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U.S. says Israel’s use of U.S. arms likely violated international law, but evidence is incomplete

WASHINGTON — The Biden administration said Friday that Israel’s use of U.S.-provided weapons in Gaza likely violated international humanitarian law but wartime conditions prevented U.S. officials from determining that for certain in specific airstrikes.

The finding of “reasonable” evidence to conclude that the U.S. ally had breached international law in its conduct of the war in Gaza was released in a summary of a report being delivered to Congress on Friday. It is the strongest statement that the Biden administration has made yet.

But the caveat that the U.S. was unable immediately to link specific U.S. weapons to individual strikes by Israeli forces in Gaza could give the administration leeway in any future decision on whether to restrict provisions of offensive weapons to Israel.

The first-of-its-kind assessment, which was compelled by President Joe Biden’s fellow Democrats in Congress, comes after seven months of airstrikes, ground fighting and aid restrictions in Gaza.

Israel launched its offensive after Hamas terrorists on Oct. 7 led an assault into Israel, killing about 1,200 people and taking about 250 hostages. The offensive has claimed the lives of nearly 35,000 Palestinians, according to the Hamas-run Health Ministry in Gaza.

While U.S. officials were unable to gather all the information they needed on specific strikes, the report said given Israel’s “significant reliance” on U.S.-made weapons, it was “reasonable to assess” that they had been used by Israel’s security forces in instances “inconsistent” with its obligations under international humanitarian law “or with best practices for mitigating civilian harm.”

Israel’s military has the experience, technology and know-how to minimize harm to civilians, but “the results on the ground, including high levels of civilian casualties, raise substantial questions as to whether the IDF is using them effectively in all cases,” the report said.

Israel says it is following all U.S. and international law, that it investigates allegations of abuse by its security forces and that its campaign in Gaza is proportional to the existential threat it says is posed by Hamas terrorists.

Sen. Chris Van Hollen, the Maryland Democrat who led the push in Congress, told reporters that even even though the administration had reached a general finding, “they’re ducking a determination on the hard cases, politically inconvenient cases.”

Biden has tried to walk an ever-finer line in his support of Prime Minister Benjamin Netanyahu’s war against Hamas terrorists. Tensions have been heightened further in recent weeks by Netanyahu’s pledge to expand the Israeli military’s offensive in the crowded southern city of Rafah, despite Biden’s adamant opposition.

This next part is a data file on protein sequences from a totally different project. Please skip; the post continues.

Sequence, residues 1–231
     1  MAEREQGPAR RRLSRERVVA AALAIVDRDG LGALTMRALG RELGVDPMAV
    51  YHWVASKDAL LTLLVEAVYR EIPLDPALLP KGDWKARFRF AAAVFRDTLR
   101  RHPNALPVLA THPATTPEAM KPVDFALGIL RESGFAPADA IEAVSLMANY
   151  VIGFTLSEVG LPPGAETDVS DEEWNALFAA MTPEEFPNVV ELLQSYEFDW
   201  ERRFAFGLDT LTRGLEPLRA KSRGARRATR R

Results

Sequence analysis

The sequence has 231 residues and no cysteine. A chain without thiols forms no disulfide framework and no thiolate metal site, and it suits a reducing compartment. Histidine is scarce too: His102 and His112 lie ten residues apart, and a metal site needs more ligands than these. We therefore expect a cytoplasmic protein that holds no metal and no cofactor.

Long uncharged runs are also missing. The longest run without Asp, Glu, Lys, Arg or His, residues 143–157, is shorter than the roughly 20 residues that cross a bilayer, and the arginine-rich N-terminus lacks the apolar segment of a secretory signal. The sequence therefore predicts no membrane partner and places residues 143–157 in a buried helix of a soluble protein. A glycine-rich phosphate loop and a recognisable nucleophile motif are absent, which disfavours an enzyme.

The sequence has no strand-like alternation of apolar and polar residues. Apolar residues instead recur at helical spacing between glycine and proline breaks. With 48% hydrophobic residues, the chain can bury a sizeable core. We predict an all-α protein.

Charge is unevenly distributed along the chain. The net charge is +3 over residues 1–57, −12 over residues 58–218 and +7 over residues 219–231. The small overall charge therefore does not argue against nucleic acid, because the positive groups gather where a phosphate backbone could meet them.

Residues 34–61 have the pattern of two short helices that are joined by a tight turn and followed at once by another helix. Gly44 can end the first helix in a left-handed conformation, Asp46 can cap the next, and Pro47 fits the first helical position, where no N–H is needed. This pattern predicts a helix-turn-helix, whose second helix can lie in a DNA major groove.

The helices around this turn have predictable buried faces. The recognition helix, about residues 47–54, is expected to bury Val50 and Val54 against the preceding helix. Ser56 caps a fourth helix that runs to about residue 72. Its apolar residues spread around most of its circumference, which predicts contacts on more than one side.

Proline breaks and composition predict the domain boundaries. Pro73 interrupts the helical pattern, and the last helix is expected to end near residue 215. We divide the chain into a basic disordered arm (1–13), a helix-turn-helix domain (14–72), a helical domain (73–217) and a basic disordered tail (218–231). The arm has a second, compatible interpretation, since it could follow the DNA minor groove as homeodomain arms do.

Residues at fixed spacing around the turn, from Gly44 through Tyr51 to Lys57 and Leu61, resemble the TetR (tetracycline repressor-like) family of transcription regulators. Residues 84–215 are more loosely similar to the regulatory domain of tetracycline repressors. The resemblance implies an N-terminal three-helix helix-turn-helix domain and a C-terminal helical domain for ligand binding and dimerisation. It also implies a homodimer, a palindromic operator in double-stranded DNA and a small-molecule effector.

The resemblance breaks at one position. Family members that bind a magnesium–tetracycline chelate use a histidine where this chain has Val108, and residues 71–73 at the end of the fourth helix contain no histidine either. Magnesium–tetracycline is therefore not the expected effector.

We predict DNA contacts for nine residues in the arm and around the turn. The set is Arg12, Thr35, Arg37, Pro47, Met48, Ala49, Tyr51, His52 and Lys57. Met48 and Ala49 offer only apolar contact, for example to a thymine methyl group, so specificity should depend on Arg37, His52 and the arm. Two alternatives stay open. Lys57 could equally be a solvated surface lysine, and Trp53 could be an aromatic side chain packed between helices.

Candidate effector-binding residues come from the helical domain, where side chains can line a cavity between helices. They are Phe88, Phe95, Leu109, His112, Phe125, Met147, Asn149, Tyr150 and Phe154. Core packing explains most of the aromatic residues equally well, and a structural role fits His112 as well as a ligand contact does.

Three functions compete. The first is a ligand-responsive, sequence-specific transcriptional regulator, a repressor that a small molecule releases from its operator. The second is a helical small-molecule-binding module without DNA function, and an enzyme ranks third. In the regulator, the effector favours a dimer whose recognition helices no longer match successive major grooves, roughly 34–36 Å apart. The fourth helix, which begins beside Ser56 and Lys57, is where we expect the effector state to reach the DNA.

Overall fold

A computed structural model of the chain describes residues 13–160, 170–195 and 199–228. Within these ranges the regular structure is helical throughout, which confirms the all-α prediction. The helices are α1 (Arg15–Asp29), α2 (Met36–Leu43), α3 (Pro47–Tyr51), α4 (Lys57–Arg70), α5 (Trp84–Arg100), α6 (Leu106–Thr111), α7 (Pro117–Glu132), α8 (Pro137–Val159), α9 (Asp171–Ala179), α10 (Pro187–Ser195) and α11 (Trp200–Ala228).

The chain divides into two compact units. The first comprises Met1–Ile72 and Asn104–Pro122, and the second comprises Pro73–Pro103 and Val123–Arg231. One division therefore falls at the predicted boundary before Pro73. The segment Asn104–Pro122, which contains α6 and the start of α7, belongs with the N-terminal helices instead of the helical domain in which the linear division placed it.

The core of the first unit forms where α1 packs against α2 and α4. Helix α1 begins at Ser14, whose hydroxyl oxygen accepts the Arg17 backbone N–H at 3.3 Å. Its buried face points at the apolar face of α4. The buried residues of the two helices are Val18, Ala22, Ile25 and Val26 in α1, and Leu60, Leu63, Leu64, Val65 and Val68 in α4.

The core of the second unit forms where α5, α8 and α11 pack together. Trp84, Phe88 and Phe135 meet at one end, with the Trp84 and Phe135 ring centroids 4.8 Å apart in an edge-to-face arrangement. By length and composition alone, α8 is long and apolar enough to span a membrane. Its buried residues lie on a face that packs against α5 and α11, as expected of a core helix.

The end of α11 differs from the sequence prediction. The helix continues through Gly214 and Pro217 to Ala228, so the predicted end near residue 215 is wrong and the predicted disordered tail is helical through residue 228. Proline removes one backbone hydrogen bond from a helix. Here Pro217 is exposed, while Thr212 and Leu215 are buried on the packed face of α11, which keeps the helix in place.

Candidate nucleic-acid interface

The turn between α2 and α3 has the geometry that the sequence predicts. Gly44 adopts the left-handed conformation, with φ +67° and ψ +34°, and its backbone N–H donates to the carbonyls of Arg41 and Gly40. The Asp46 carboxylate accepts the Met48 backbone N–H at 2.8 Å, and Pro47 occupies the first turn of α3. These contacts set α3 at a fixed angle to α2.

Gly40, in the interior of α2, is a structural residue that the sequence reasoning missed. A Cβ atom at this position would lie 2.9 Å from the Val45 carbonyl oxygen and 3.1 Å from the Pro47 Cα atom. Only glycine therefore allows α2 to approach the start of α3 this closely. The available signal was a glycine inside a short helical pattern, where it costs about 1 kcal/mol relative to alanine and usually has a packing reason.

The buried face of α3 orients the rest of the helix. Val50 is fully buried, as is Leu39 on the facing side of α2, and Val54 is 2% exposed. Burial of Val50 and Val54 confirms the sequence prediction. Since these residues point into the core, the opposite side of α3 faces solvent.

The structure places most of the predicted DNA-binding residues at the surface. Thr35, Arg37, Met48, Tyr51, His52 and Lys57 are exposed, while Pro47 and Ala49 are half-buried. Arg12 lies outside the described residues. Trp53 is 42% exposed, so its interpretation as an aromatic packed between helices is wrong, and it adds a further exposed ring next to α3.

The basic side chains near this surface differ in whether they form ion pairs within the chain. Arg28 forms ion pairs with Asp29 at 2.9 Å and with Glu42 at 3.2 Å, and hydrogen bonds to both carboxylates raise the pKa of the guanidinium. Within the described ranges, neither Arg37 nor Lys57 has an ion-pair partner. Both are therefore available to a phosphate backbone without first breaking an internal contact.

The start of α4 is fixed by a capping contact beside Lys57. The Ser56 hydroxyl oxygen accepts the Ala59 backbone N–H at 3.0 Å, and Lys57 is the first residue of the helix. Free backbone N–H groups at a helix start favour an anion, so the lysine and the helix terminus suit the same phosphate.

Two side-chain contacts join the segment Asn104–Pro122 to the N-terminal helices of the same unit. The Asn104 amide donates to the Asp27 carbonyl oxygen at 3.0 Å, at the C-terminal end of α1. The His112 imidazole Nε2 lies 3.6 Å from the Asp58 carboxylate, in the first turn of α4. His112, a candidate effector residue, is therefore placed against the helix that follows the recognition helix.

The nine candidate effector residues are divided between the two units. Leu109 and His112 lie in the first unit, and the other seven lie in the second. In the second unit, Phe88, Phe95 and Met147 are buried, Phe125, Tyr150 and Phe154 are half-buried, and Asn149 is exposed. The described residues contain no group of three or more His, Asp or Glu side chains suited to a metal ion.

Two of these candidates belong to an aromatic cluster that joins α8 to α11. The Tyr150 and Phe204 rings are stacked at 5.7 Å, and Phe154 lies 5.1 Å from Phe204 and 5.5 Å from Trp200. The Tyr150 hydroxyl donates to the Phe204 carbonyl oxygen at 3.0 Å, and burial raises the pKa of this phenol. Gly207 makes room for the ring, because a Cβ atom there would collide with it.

Biden is in the closing months of a tough re-election campaign against Donald Trump. He faces demands from many Democrats that he cut the flow of offensive weapons to Israel and denunciation from Republicans who accuse him of wavering on support for Israel at its time of need.

Rep. Michael McCaul, the Republican chairman of the House Foreign Affairs Committee, said the review was unnecessary “and only contributes to politically motivated anti-Israel sentiment.”

“Now is the time to stand with our ally Israel and ensure they have the tools they need,” he said in a statement.

The Democratic administration took one of the first steps toward conditioning military aid to Israel in recent days when it paused a shipment of 3,500 bombs out of concern over Israel’s threatened offensive on Rafah, a southern city crowded with more than a million Palestinians, a senior administration official said.

The presidential directive, agreed to in February, obligated the Defense and State departments to conduct “an assessment of any credible reports or allegations that such defense articles and, as appropriate, defense services, have been used in a manner not consistent with international law, including international humanitarian law.”

Nothing in the presidential directive would have triggered any cutoff of arms if the administration had more definitively ruled that Israel’s conduct had violated international law.

The agreement also obligated them to tell Congress whether they deemed that Israel has acted to “arbitrarily to deny, restrict, or otherwise impede, directly or indirectly,” delivery of any U.S.-supported humanitarian aid into Gaza.

On this question, the report cited “deep concerns” that Israel played a significant role in preventing adequate aid from reaching Palestinians. However, it said Israel had recently taken some positive steps and the U.S. government did not currently find Israel restricting aid deliveries in a way that violated U.S. law governing foreign militaries that receive U.S. military aid.

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